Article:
Home Sports Monday Qualifying: Brooks Koepka Ready to Stop Scottie Scheffler’s Train

Monday Qualifying: Brooks Koepka Ready to Stop Scottie Scheffler’s Train

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(Mallory Bielecki / Yahoo Sports)

(Mallory Bielecki / Yahoo Sports)

Welcome to the Monday Leaderboard, where we look back at the weekend’s top stories from the wonderful world of golf. Grab an Arnold Palmer, pull up a chair, and plan how you’re going to qualify for the US Open…

Brooks Koepka won his fourth LIV golf tournament last weekend in Singapore, and he sure looks in top shape to defend the PGA Championship after an unspectacular T45 at the Masters. Koepka has won more LIV tournaments than anyone in the history of the young circuit, and while it’s easy to make fun of LIV (which generates far more headlines than fan interest), the simple fact is that Koepka is beating guys like Jon Rahm, Cam Smith and other elite players. professionals when he wins these events.

And Koepka, when he’s on the hunt, is tough to beat. He has five majors, more than any active player not named Phil or Tiger. There was an eight-major streak before the pandemic in which he won three times, finished second twice and only finished lower than seventh once. That’s dominance, and even if he hasn’t returned to that level after injuries, he’s still a serious threat to Scottie Scheffler’s dominance.

Koepka is interested in exactly one goal: winning big tournaments. Everything else is prelude and training. He doesn’t care about most of LIV’s trappings;, for example, and he’s not much for the nonsense of golf’s green, airy cathedral. He knows exactly how many people are ranked above him in the professional race rankings, and that’s his focus.

Scheffler will be the favorite in the PGA Championship next week. But if he stumbles, Koepka, who has three PGAs to Scheffler’s zero, will be there to overcome him.

The 2024 Byron Nelson CJ Cup won’t go down in history as anyone’s favorite tournament… well, except Taylor Pendrith, who earned his first PGA Tour victory thanks to a two-shot swing on the 72nd hole. Unimaginative circuit , uninspiring field, strange name, difficult position on the schedule… it all broke against the CJ Cup and yet, despite all that drama, it broke through. Pendrith blew a lead when Ben Kohles mounted a late charge, and Kohles held a one-stroke lead on the 18th tee. But a wayward drive, a missed chip and a missed par putt cost Kohles dearly on the final hole, the easiest in the field.

Pendrith stood his ground and birdied the par 5 to make the two-stroke swing and claim the first victory of his career, which comes with an invitation to both the 2024 PGA Championship and the 2025 Masters. Golf gives and golf takes away.

On the bright side, the CJ Byron Nelson Cup gave us this indelible moment:

LIV players are now in the “discover” section of their decision to jump off the PGA Tour and join the new golf league; There is more money, but fewer paths to careers. At the moment, eight players are eligible for the PGA Championship based on previous wins: Koepka and Phil Mickelson, for example, have lifetime exemptions, while players like Cam Smith and Jon Rahm can trade on recent major wins. As for this summer’s Opens, most LIV players will need to qualify; Nearly 40 have announced plans to try to break through at the US Open and Open Championship.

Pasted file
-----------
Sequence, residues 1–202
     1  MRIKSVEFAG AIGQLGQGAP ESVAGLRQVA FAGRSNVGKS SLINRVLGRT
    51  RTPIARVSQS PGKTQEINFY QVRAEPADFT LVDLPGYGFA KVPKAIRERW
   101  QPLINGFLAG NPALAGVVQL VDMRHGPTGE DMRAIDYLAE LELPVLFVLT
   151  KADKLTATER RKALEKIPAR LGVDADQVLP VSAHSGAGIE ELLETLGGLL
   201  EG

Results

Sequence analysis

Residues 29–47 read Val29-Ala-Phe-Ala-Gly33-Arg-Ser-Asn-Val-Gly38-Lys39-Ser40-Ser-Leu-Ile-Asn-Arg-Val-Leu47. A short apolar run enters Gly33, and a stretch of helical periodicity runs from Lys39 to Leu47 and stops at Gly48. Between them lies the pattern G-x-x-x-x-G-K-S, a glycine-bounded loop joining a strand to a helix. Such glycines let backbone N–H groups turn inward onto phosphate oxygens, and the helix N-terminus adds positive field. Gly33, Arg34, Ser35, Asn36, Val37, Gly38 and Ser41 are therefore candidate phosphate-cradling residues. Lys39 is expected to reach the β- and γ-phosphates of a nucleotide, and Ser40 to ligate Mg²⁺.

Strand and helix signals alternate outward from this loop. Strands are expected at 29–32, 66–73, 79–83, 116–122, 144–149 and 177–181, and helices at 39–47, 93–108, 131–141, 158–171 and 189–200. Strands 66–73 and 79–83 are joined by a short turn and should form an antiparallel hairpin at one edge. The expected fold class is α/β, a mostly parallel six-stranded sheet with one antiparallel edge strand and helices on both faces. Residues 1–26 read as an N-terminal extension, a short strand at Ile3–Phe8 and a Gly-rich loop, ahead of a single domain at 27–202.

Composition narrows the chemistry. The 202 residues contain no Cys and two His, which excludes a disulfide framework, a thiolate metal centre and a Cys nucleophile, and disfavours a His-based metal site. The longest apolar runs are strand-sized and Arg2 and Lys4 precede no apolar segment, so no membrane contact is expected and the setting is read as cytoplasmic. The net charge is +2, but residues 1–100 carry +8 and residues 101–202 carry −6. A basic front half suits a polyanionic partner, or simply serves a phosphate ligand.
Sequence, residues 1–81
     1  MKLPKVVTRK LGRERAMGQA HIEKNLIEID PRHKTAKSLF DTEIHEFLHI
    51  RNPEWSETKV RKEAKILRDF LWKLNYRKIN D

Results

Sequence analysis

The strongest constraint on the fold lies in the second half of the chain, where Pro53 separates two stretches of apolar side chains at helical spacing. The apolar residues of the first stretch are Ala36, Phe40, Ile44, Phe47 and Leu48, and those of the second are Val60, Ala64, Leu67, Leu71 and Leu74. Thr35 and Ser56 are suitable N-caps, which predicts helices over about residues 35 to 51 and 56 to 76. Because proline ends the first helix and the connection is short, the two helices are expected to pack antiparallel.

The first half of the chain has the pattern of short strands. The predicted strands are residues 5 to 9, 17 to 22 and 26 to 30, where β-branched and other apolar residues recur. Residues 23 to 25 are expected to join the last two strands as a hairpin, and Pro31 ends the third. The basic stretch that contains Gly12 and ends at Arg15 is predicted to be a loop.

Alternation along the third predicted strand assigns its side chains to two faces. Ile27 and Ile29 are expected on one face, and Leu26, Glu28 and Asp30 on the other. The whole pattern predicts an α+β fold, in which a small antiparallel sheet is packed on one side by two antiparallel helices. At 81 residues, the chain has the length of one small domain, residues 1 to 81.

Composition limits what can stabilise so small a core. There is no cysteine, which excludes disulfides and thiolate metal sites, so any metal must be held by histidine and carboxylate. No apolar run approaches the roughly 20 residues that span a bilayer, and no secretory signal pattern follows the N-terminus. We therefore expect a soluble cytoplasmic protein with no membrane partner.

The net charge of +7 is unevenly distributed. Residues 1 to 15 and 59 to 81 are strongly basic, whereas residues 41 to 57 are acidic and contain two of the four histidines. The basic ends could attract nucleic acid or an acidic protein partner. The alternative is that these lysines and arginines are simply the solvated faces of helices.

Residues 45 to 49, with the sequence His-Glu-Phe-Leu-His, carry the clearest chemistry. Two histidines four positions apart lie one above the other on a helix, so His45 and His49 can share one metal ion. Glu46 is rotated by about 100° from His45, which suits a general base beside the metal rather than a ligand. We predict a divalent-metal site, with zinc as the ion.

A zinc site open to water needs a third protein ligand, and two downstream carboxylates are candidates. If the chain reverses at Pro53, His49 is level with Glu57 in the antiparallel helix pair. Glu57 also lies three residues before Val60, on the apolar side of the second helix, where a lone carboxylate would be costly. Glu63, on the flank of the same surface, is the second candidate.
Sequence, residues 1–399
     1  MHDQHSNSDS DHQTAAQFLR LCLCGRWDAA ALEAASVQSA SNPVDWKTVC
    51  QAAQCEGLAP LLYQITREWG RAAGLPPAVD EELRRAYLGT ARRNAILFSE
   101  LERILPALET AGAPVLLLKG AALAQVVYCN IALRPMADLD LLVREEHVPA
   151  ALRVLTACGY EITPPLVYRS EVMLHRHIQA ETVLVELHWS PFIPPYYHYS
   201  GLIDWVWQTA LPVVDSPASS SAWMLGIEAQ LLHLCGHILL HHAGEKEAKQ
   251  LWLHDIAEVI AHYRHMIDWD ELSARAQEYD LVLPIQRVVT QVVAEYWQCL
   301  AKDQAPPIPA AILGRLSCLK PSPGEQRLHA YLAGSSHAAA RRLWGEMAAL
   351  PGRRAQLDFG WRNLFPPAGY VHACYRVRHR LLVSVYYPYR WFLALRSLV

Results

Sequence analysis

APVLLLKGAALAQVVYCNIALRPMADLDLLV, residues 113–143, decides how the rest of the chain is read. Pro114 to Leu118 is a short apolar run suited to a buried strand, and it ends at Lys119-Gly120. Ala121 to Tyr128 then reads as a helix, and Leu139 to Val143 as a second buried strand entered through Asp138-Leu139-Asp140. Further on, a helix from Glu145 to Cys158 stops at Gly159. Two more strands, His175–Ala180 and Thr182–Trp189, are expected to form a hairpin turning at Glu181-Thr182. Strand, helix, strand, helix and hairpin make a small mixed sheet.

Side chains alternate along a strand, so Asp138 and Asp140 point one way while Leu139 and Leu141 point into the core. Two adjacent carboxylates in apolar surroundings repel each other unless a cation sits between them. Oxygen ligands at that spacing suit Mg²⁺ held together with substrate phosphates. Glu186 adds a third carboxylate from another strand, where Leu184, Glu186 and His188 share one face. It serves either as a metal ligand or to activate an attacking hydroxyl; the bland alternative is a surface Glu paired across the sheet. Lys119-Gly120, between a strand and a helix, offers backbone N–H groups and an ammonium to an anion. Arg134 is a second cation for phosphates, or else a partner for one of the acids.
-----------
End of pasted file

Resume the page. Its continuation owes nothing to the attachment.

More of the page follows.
One who is not: 2023 LIV champion Talor Gooch, who did not receive a special invitation to the Masters and for the other specialties either. Gooch has insisted that the majors lack gravitas without LIV players on the field; You can argue that angle and Gooch’s decision to not even try to qualify, but he stands his ground.

Another week, another kid younger than your socks finds success on the PGA Tour. This time, it’s 16-year-old Kris Kim, son of former LPGA player Ji-Hyun Suh. Kim made the cut at the CJ Cup, the youngest player to do so since Kyle Suppa in 2015. Kim finished 65th after struggling over the weekend, but he’ll have shots like this to remember:

Golf is a complicated game and there are many obstacles on the way up the mountain, but Kim has a good advantage. Furthermore, golf is now apparently the province of the young. We can expect a kindergartner to make a cut in November.

Sponsor exemptions are the gentleman’s C of the golf world, a useful benefit provided by tournament organizers to drum up interest or, in some cases, reward colleagues. That’s how teen stars and non-golfers like John Smoltz and Steph Curry get tournament invites. One player who is surprising in how many sponsor waivers he has received: 227th-ranked Webb Simpson, who has played in multiple signature events this season on sponsor waivers and is scheduled to play in another this weekend. Sponsor exemptions on big-money flagship events are valuable commodities, so there are questions about why Simpson continues to receive them. One possible answer: Simpson is a member of the Tour’s Player Advisory Council and an important figure in the current schism in the world of golf. Golf takes care of itself, regardless of how the outside world sees it.

Look, Spieth may not be winning many majors anymore, but he’s still golf’s agent of chaos, guaranteed to unleash something you’ve never seen before in virtually every round he plays. So, we’ve named this section after him… and you’ll never guess who the first honoree is.

Yes, that’s Spieth himself, offering a ball (and a neatly folded bill) to the fan who caught Spieth’s errant shot with his elbow. The fan’s deflection sent the ball back into the fairway: good luck for Spieth, but not good enough, as he missed the cut. At least that bruise lasted all weekend.

Friends, go out and make them happen this week, and we’ll see you here next Monday!

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